FIFA, NWSL and Nebraska lead the way

FIFA, NWSL and Nebraska lead the way

The world’s first purpose-built stadium for a women’s sports franchise opened in Kansas City, Missouri on Saturday, March 16, as the new home of the NWSL’s Kansas City Current.

The venue, which was first announced in 2021, serves as another reminder of the surge in women’s sport in recent years. Deloitte estimates that in 2024 elite women’s sports will generate more than $1 billion in revenue for the first time – a 300% increase from 2021, and SponsorUnited research found that the number of sponsorship deals in women’s professional sports has increased by more than 22 percent year-on-year.

In 2023 alone, several records have been set in women’s sports.

The 2023 FIFA Women’s World Cup has reportedly generated the most revenue in the history of the tournament and is the most attended event in the history of the Women’s World Cup.

With the addition of two more teams in 2024, the NWSL signed the largest broadcast deal in women’s sports in 2023 and set a league attendance record.

The WNBA’s New York Liberty hosted the largest single-game crowd in league history for Game 3 of the WNBA Finals at the Barclays Center.

Perhaps the most significant women’s sports record broken in 2023 was when the University of Nebraska women’s volleyball team set a world record for attendance at a women’s sporting event.

Held at Memorial Stadium, the school’s soccer stadium, Nebraska Volleyball Day drew 92,003 fans, surpassing the previous world record of 91,648 fans set for a soccer match between Barcelona and Wolfsburg in 2022.

Supporting women’s sports has become a bigger outcome than just an attendance record for the university. “The ripple effect is huge,” said Doug Ewald, chief financial officer and executive associate AD at the University of Nebraska. “The economic impact for a typical home Saturday football weekend is $12 to $13 million. For this event, the economic impact on the city of Lincoln, Nebraska was over $10 million.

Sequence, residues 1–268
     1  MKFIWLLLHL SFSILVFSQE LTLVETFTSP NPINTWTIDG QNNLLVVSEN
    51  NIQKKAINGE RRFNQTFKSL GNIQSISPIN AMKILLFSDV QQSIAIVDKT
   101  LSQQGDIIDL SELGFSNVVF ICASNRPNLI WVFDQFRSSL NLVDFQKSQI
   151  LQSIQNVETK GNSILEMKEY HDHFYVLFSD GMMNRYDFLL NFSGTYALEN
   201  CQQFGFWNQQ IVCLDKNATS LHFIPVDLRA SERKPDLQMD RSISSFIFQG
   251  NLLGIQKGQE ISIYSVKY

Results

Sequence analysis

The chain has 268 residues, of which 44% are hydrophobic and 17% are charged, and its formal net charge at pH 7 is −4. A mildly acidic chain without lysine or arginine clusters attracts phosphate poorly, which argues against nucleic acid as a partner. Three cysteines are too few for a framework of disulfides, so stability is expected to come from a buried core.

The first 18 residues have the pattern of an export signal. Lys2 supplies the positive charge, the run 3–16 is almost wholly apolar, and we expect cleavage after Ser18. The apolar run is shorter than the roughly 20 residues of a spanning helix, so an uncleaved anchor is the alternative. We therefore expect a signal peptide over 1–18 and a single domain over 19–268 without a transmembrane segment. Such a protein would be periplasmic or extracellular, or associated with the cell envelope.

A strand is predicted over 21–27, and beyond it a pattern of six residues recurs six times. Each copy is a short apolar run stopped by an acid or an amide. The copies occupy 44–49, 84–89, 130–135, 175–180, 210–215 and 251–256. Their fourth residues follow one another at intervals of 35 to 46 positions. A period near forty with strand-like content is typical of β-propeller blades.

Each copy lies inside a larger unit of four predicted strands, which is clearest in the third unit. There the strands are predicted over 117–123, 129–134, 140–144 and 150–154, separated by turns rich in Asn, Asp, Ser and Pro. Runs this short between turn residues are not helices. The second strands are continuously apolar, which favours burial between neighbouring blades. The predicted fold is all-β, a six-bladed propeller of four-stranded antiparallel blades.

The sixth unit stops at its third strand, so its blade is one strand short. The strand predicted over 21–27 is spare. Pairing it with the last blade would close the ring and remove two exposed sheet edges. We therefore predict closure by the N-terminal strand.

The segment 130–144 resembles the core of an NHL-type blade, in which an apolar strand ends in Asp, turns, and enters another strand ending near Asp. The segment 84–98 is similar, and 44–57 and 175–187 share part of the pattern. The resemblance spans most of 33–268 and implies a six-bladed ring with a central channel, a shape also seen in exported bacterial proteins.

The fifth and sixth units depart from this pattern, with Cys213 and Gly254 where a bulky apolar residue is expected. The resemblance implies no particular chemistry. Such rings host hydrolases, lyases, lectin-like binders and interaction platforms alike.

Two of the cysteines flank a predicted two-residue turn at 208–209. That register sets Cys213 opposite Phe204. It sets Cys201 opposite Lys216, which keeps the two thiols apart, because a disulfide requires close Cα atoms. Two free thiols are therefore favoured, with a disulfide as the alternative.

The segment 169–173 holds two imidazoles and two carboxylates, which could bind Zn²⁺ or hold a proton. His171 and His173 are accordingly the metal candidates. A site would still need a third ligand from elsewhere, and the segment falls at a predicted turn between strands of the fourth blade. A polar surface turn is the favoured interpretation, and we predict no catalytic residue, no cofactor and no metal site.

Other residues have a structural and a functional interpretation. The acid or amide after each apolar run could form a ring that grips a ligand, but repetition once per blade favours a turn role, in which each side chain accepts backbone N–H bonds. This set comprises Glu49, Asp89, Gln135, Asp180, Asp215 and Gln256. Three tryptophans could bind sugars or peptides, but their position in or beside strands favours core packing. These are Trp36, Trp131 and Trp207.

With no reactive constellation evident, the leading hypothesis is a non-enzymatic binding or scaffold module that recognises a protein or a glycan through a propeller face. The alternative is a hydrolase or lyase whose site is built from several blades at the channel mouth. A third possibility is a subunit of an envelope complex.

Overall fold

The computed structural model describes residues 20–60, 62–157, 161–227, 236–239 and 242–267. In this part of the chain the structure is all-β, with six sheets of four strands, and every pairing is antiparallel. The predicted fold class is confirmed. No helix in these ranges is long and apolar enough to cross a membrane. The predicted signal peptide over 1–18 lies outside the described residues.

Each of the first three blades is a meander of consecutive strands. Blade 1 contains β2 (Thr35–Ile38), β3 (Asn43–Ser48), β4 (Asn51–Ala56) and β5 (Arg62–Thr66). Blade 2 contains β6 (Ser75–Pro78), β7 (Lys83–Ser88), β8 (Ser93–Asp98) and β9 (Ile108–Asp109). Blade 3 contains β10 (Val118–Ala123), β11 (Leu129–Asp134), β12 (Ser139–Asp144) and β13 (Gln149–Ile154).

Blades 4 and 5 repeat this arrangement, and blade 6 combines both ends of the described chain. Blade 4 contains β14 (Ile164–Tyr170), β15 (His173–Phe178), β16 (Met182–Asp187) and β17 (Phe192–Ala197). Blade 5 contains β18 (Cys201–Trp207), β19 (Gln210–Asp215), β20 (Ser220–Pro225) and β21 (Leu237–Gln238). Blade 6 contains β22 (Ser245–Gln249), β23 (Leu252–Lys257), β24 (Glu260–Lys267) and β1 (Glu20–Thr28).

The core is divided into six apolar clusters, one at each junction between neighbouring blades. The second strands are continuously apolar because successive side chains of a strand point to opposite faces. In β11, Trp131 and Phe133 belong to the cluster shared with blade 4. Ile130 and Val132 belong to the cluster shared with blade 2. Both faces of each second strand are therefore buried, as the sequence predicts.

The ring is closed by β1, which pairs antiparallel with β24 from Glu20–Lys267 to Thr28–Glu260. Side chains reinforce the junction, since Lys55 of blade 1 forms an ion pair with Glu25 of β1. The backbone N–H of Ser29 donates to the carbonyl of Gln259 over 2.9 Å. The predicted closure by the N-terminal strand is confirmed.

The day’s social value alone added another $2 million, Ewald added. “To this day it keeps on giving.”

The attendance record fell on the anniversary of a major milestone in women’s sport. “When we did this, it was really a celebration of 50 years of Title IX,” Ewald said. Title IX protects students from discrimination based on sex in any educational program or activity that receives federal financial aid. “Let’s be honest. There’s no better way to celebrate our women here in Nebraska – and across the country – than to set a world record.”

The excitement surrounding women’s sports was evident during Nebraska Volleyball Day and is just as evident in the Kansas City Current’s new stadium investment.

“As the first stadium purpose-built for a professional women’s sports team, CPKC Stadium is a proof of concept in many ways,” said Current co-owner Chris Long. “This will demonstrate how investment and ownership of the stadium is key to the success of women’s sport. It provides the revenue streams needed to reinvest in players and the fan experience. We are the first, but we will not be the last.”

Current Stadium isn’t the only one positioning women’s sports for a strong 2024.

Globally, the 2024 Olympics in Paris will for the first time feature an equal number of male and female athletes. Additionally, two new women’s professional sports leagues, the Professional Women’s Hockey League (PWSL) and the Professional Volleyball Federation, have already launched in January. The latter set an attendance record for women’s professional volleyball in its first match.

From world records to landmark stadiums, the wave of women’s sport is not slowing down in 2024.

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